Feb. 7, 2011 -- Unfocused, hyperactive children are often dealing with a host of other problems that hinder their progress in school and hurt their relationships, a new study finds.
The research, published in the March issue of Pediatrics, finds that nearly 70% of children diagnosed with attention deficit hyperactivity disorder, or ADHD, have at least one other mental or physical problem, like a learning disability, conduct disorder, depression, anxiety, or difficulty with hearing or speech.
And about one out of five children with ADHD had three or more of those problems, increasing the odds that they would lag in school.
“ADHD is not an inconsequential condition,” says Mark L. Wolraich, MD, a pediatrician who is director of the Child Study Center at the University of Oklahoma in Oklahoma City. “The outcomes clearly show that they’re going to do more poorly in school; they’re going to have more accidents; and they’re going to get into more legal trouble.”
“It’s not just a bothersome condition that kids are going to grow out of as adolescents,” says Wolraich, an ADHD expert who was not involved in the research.
ADHD: A Complicated Picture
For the study, researchers at the University of California, Los Angeles surveyed the parents of nearly 62,000 school-aged children nationwide in 2007.
Kids were determined to have ADHD if their parents answered yes to two questions: Has a doctor ever diagnosed your child with ADHD? If so, does the child currently have ADHD?
Parents were then asked if their children had any of 10 other disorders, including learning disabilities, conduct disorder, anxiety, depression, speech problems, autism, hearing problems, epilepsy or seizures, vision problems, or Tourette’s syndrome.
About 8% of children in the study had been diagnosed with ADHD. That translates to about 4 million cases of ADHD in children aged 6 to 17 in the U.S., researchers said.
Compared to children without any reported attention problems, children with ADHD were significantly more likely to face a host of mental and physical health problems.
For example, even after researchers filtered the potential influences of characteristics like age, gender, race, household income, and the parents’ educational levels and marital status, children with ADHD were nearly eight times more likely than children without ADHD to have learning disabilities, nearly 13 times more likely to have conduct disorders, more than seven times more likely to have anxiety, and more than eight times more likely to have depression.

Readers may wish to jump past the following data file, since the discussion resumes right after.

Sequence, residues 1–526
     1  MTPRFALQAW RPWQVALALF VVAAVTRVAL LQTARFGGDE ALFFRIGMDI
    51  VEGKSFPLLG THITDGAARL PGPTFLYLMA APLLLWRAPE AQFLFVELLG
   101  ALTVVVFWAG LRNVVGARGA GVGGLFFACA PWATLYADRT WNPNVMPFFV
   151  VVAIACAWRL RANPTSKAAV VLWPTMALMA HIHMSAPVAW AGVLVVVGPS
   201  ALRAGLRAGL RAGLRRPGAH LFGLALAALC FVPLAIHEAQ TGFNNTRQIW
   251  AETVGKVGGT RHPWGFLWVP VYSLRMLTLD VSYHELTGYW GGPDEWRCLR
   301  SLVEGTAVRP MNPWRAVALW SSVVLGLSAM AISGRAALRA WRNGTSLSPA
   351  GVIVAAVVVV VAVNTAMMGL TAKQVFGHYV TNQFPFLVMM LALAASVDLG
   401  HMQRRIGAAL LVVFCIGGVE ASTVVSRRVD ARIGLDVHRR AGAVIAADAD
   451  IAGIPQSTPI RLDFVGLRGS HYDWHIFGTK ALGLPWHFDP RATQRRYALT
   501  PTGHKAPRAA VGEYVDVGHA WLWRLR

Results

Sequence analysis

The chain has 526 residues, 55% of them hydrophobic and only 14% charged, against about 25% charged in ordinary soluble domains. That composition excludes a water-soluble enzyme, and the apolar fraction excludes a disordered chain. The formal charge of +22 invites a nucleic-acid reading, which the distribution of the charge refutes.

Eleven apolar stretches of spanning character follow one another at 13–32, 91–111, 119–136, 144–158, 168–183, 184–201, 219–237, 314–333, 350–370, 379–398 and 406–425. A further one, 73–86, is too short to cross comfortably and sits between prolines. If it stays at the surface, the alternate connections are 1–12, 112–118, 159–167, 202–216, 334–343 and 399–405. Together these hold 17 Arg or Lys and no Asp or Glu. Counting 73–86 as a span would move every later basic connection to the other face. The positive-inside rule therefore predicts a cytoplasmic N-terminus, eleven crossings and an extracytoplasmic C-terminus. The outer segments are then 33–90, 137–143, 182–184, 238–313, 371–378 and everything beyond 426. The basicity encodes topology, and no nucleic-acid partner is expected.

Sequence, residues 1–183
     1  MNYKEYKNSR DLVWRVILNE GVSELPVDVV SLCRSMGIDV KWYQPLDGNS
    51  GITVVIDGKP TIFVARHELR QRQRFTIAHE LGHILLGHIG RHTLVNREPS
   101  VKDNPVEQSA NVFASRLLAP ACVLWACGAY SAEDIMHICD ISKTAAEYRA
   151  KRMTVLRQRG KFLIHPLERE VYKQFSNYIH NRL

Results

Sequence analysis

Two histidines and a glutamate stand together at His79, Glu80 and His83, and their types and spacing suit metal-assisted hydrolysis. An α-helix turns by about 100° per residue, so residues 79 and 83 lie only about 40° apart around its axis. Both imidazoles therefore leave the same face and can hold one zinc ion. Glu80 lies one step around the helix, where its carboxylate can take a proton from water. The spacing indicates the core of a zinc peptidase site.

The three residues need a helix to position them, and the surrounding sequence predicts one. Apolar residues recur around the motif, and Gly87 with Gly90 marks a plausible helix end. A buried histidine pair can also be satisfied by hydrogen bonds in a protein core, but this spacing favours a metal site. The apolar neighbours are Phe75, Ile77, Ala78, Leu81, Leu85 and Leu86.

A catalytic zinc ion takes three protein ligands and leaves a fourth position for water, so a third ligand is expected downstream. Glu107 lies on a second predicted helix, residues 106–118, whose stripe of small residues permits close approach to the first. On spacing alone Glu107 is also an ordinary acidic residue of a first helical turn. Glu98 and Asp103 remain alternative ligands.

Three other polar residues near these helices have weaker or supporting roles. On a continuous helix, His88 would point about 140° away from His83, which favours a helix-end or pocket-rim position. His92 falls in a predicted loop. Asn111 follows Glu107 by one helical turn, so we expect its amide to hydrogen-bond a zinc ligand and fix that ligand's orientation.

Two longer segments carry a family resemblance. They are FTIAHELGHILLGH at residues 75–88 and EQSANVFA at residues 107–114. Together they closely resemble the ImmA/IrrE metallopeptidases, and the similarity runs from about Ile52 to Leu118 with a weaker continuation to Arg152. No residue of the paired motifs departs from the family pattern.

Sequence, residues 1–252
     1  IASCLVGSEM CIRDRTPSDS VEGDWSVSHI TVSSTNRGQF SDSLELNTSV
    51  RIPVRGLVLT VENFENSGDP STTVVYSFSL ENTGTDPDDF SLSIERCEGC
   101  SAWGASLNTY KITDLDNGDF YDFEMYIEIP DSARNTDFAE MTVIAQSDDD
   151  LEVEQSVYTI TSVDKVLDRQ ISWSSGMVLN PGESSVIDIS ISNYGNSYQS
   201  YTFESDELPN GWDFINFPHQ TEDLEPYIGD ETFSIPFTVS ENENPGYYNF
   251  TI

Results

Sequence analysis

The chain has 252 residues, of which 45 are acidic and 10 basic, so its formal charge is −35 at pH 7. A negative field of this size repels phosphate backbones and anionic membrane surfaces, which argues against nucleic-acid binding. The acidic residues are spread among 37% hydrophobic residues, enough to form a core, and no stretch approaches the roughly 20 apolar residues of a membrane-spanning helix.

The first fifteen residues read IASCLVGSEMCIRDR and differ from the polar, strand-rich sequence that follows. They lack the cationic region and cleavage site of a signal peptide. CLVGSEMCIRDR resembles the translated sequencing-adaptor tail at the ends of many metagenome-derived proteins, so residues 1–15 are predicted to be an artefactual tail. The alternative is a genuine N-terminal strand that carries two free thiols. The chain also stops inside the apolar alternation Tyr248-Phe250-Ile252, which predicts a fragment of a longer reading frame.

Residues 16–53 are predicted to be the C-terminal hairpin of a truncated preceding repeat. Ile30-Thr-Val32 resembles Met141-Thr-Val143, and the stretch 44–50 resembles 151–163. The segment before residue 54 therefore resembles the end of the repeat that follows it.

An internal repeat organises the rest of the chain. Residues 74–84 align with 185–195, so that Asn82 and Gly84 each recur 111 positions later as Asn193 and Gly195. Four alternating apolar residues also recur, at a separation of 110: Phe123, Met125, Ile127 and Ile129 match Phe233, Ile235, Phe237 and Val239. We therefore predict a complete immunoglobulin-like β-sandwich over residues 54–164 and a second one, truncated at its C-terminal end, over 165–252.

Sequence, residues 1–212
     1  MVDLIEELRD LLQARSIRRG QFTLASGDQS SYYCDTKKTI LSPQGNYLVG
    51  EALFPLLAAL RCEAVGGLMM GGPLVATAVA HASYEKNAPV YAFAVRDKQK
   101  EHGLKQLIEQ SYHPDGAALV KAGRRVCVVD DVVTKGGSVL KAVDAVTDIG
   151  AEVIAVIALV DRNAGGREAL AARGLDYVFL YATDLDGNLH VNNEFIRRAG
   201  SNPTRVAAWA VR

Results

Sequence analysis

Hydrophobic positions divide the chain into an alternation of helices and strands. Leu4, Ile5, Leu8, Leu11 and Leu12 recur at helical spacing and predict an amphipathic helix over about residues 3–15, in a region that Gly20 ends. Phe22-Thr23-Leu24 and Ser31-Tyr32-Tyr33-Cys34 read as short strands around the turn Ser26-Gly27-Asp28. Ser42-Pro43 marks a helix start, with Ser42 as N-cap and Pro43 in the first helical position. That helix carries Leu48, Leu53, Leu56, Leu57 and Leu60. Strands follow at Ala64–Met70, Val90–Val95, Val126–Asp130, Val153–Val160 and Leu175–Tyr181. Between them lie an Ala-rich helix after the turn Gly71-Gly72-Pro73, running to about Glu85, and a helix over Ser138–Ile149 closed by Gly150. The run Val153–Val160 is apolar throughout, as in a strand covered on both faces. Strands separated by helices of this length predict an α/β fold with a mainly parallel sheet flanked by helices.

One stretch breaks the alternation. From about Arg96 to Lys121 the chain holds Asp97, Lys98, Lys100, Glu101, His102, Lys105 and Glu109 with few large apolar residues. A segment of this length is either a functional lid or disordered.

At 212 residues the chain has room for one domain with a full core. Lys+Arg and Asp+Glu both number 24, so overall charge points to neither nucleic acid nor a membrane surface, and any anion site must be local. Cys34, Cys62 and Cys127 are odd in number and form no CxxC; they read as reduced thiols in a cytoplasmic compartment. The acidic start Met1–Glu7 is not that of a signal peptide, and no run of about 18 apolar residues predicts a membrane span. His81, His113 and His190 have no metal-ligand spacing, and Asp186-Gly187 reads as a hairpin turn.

Children from low-income families were about 40% more likely to be diagnosed with ADHD compared to children from households with annual incomes of more than four times the federal poverty level -- about $88,000 annually for a family of four.
Being poor also made it more likely that children would have more associated medical conditions.
About 30% of children from low-income homes had three or more complicating conditions in addition to their ADHD, compared to just 8% of children from more affluent homes.
Impact of ADHD Felt at Home, School
“The impact of ADHD on American families is significant,” says Susanna Visser, the lead epidemiologist for the Child Development Studies Team in the National Center for Birth Defects and Developmental Disabilities at the CDC in Atlanta.
“The depth of that is really felt in terms of impact to family functioning to school and social functioning,” Visser says.
For example, more than 80% of children who had three or more other conditions along with their ADHD had problems in school, and nearly half of them had repeated a grade.
Visser and her colleagues published a study in 2010 in the Morbidity and Mortality Weekly Report that found that the number of U.S. children aged 7-14 whose parents reported that they were diagnosed with ADHD had increased from 7.8% in 2003 to 9.5% in 2007.
Better Understanding Needed
Researchers say this study points to a need for better screening of children with ADHD in order to determine and help them with the broader spectrum of conditions they may be facing.
“ADHD is one of the first to be diagnosed because it is based on behavioral symptoms that tend to be observed by parents, teachers, and physicians,” Visser says, and it may be the tip of the iceberg.
“These problems are probably not causally tied in any way to each other, but the underlying cause of them may be similar,” Visser says.
For example, “Children who are low-birth weight or preterm are more likely to have ADHD and other behavioral problems,” she says. “Children exposed prenatally to tobacco are also more likely to have all of these conditions.”